• Watching TV and video meet basic human needs, especially for relaxation and escape. This is apparent in data showing that viewing generates brainwaves associated with pleasant relaxation and that it absorbs more cognitive capacity than, for example, reading and radio.
  • The paper’s authors conclude that, while platforms and devices for watching video are changing, needs for relaxation and escape are constant. They recommend that content creators, as well as advertisers, take these findings into account by offering content that is engaging, but not too complex.   
Source: Barwise, P., Bellman, S., Beal, V. (2020, June). Implications for the Future of Viewing and Advertising. Journal of Advertising Research.    

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  • Article

NYCU: MARS Unveils Insights from Research on Digital Ads

'You get 2 seconds to engage consumers online': Mars neuroscientist shares key findings, including that attention is a strong proxy for sales impact (but it’s not the only criterion). Mars, the family-owned global company behind brands like M&M’s, Wrigley’s gum, Skittles, and the like, thrives on impulse buys for many of its products. Sorin Patilinet, global consumer marketing insights director, and his team in the communications lab are investigating how to first draw attention and then create an emotional connection -- the magic formula for triggering impulse purchases. “You don't go to the store with gum on your shopping list,” says Patilinet. His team has spent the past six months working with RealEyes and other partners to develop what it calls the “future of pre-testing.” Through anonymous facial coding, it can detect attention and emotion. The team has tested 130 digital ads across key geographies from the US to China. They’ve also tested various durations ‑ six, 15, 30-seconds and long formats on YouTube, Facebook and other platforms.  This is the latest tool within one of the largest neuromarketing studies in the world, now in its fifth year. One of the biggest takeaways from it all: “Marketers would be shocked if they knew how little active attention some of their executions are getting,” says Patilinet. “They think that people watch all the 15-seconds, and then they find out that in some cases, it’s only two seconds.” In addition to the new “future of pre-testing” tool, Mars has gathered 4,000 campaigns from which they have identified a direct sales impact. They’ve done so in partnership with Nielsen, Catalina, IRI, Kantar and GFK. Of those thousands of ads, they’ve tested 250 for various elements of the cognitive process, attention, emotion, and memory. They’ve learned from the good and the bad to develop an understanding of what a “four-star ad” looks and feels like. The research shows that attention is a strong proxy for sales impact. But attention alone is not the answer, you need to elicit emotions. By building emotions, you can encode your distinctive assets into the consumer’s brain much better. And then those assets can be recalled. So the ultimate goal is memory encoding. That happens faster through emotions than through rational messages. Patilinet and his team will continue to investigate how to strike the correct balance by leveraging neuroscience. “Too many ads, too much clutter on websites has created this attitude of removing ads from your life.” Source: Hein, K. (2020, August 13). 'You get 2 seconds to engage consumers online': Mars neuroscientist shares key findings. News: The Drum.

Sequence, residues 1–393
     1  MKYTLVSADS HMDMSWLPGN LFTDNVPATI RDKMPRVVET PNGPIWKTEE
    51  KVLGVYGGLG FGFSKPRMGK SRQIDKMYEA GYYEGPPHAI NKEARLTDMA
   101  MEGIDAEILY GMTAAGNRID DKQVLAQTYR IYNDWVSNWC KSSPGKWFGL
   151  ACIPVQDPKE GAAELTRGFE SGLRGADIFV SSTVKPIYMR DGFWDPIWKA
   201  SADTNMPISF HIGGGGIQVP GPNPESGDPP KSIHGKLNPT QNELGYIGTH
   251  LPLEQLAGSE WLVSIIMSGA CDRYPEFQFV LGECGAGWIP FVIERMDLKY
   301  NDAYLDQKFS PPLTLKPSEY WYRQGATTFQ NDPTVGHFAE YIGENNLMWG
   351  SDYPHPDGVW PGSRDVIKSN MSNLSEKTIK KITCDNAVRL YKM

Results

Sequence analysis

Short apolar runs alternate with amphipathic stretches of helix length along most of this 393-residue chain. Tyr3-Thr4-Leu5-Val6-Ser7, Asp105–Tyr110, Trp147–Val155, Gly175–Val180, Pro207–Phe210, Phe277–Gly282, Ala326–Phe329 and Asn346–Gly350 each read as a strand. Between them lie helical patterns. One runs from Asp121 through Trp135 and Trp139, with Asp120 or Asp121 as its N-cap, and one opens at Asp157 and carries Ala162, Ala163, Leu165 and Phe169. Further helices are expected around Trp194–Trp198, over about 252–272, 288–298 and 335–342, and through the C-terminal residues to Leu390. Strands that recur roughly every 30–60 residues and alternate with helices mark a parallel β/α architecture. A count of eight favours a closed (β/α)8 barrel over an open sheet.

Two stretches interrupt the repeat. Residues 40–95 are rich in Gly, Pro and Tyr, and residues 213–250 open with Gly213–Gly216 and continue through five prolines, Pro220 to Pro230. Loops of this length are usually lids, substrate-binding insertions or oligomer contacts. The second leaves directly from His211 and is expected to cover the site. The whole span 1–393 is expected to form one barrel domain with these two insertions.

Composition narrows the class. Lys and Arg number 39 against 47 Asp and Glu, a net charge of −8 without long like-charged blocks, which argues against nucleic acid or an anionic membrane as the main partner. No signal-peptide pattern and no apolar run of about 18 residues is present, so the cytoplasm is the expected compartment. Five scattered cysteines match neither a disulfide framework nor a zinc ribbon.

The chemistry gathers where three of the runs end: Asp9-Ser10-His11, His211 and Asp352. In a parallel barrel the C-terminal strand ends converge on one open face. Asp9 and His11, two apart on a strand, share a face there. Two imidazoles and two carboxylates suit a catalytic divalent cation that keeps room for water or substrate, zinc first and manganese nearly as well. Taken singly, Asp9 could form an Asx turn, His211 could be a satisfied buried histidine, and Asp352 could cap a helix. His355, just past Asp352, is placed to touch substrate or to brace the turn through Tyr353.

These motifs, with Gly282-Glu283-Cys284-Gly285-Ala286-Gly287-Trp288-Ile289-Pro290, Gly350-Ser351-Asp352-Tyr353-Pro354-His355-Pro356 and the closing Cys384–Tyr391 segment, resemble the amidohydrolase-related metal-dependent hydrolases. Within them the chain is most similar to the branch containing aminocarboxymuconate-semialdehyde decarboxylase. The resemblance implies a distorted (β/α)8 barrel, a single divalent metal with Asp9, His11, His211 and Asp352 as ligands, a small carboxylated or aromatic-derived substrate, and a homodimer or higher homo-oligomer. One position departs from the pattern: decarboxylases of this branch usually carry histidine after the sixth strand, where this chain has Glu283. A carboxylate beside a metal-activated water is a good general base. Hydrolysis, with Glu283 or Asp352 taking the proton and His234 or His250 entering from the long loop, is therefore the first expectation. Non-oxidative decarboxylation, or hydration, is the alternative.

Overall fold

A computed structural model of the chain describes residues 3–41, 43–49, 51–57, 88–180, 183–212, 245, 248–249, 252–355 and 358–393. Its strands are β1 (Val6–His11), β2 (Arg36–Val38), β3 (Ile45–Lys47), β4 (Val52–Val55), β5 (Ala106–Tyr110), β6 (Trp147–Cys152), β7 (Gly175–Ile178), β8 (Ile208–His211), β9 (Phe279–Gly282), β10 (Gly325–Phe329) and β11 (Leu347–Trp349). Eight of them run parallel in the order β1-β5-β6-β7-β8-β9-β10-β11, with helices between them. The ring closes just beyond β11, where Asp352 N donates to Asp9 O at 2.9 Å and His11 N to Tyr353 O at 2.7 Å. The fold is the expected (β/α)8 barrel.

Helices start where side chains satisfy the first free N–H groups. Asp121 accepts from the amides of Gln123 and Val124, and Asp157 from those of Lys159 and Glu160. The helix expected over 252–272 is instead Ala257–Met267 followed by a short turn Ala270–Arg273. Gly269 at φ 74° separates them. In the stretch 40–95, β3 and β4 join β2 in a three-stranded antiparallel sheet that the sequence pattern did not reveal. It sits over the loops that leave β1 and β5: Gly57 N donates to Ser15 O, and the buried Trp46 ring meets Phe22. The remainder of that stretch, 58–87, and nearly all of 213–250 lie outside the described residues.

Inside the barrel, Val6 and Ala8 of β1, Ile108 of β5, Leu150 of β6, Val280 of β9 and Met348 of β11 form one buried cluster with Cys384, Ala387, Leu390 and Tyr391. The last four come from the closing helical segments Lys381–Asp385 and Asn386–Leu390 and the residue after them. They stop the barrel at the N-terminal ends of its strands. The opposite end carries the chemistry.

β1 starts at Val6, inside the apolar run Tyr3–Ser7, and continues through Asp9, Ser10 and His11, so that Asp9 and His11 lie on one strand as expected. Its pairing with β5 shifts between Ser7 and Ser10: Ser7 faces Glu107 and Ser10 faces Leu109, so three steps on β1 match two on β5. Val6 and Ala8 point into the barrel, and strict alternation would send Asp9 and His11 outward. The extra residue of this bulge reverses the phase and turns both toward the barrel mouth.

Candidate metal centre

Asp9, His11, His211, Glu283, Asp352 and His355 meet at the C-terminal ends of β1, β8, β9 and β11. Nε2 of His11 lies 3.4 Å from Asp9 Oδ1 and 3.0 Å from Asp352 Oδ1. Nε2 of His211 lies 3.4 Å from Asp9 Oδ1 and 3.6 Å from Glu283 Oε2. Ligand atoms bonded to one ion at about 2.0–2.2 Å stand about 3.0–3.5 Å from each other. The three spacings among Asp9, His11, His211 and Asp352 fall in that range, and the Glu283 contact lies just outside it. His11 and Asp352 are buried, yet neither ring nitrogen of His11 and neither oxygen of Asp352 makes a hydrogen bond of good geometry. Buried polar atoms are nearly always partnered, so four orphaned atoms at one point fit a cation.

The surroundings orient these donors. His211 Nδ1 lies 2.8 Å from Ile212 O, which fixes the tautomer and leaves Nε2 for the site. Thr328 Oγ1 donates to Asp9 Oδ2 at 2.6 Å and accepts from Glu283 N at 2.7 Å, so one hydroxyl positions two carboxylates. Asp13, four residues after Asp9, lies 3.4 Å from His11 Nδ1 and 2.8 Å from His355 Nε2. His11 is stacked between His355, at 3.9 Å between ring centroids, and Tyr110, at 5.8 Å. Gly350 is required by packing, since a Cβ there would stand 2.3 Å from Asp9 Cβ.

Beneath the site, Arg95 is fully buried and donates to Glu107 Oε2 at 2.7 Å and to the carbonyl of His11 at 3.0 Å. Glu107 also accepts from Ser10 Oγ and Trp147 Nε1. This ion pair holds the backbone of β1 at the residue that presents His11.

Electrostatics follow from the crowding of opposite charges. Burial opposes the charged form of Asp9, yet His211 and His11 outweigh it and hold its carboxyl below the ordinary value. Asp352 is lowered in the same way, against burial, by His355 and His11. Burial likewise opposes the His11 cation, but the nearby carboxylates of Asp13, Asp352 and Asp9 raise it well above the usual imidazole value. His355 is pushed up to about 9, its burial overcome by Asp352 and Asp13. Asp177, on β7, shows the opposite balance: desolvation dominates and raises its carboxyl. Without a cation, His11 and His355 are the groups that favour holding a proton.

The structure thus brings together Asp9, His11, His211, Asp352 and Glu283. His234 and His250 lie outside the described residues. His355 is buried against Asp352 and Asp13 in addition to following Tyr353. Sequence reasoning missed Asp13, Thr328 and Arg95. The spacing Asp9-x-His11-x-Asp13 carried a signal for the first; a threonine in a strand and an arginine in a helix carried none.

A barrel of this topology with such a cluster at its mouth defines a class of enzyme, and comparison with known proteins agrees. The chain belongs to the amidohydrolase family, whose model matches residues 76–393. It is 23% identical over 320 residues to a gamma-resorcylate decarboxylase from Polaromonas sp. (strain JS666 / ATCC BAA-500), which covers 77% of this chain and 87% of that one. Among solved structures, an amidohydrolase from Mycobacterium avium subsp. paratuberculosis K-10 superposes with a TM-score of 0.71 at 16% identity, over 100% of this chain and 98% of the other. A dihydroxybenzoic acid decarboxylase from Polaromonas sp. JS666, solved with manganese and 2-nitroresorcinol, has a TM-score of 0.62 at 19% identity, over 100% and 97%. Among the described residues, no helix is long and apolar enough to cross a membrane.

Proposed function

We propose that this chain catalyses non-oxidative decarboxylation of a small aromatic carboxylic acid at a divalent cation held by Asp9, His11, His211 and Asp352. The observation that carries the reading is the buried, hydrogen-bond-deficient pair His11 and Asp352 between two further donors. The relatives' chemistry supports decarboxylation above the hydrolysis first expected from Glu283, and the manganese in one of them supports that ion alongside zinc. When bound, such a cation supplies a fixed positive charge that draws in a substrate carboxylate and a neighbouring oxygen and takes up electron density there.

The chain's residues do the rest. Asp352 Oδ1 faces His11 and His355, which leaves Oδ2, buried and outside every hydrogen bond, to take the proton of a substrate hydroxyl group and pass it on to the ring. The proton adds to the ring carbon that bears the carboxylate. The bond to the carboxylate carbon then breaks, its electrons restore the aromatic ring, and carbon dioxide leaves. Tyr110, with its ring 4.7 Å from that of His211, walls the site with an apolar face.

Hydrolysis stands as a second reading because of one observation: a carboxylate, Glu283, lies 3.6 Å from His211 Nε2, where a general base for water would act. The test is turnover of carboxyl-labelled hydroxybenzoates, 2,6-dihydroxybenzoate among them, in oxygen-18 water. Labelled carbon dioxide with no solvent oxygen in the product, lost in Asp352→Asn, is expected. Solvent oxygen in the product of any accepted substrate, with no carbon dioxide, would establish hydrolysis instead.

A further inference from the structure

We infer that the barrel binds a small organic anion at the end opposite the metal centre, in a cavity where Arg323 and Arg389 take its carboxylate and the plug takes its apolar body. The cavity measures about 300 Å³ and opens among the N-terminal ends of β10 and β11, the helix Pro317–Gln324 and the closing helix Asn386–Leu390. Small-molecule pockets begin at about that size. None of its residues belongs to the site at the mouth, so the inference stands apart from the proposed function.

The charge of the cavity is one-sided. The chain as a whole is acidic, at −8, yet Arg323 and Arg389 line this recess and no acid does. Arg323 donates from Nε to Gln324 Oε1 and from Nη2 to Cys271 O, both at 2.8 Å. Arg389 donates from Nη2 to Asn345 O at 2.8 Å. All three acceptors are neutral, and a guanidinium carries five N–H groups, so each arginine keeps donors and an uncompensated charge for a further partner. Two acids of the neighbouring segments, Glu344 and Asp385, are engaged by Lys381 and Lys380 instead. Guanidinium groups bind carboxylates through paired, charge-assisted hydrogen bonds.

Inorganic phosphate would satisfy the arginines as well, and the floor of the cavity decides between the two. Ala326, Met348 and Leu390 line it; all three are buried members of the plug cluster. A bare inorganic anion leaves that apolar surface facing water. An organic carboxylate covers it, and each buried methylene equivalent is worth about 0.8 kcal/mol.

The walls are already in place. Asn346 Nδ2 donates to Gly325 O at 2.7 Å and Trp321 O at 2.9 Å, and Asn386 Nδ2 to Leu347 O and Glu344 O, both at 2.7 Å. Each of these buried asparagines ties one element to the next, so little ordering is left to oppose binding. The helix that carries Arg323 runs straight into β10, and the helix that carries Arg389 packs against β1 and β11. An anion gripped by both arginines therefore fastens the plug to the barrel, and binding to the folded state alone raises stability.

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Do You Hear What I Hear?

Have you heard the latest regarding podcast’s and music’s impact on audio marketing? Companies that use music aligned to their brand identities are 96 percent more likely to be recalled, according to research carried out at the University of Leicester, U.K. Furthermore, podcast audiences have grown so significantly that now 51 percent of Americans ages 12 and over listen to them. That’s based on Edison Research’s “The Podcast Consumer 2019” report.

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Attention and Impact: New Insights from New Research

  • KNOWLEDGE AT HAND

Attention is a prerequisite for ad impact. But it is an ambiguous and complex concept and it is difficult to measure all its elements.  Evidence of attention can be a sign of success, but often it only means that some part of the ad was noticed. Moreover, “attention” does not necessarily indicate a positive response and a high level of attention is not always a sign of a positive ad impact.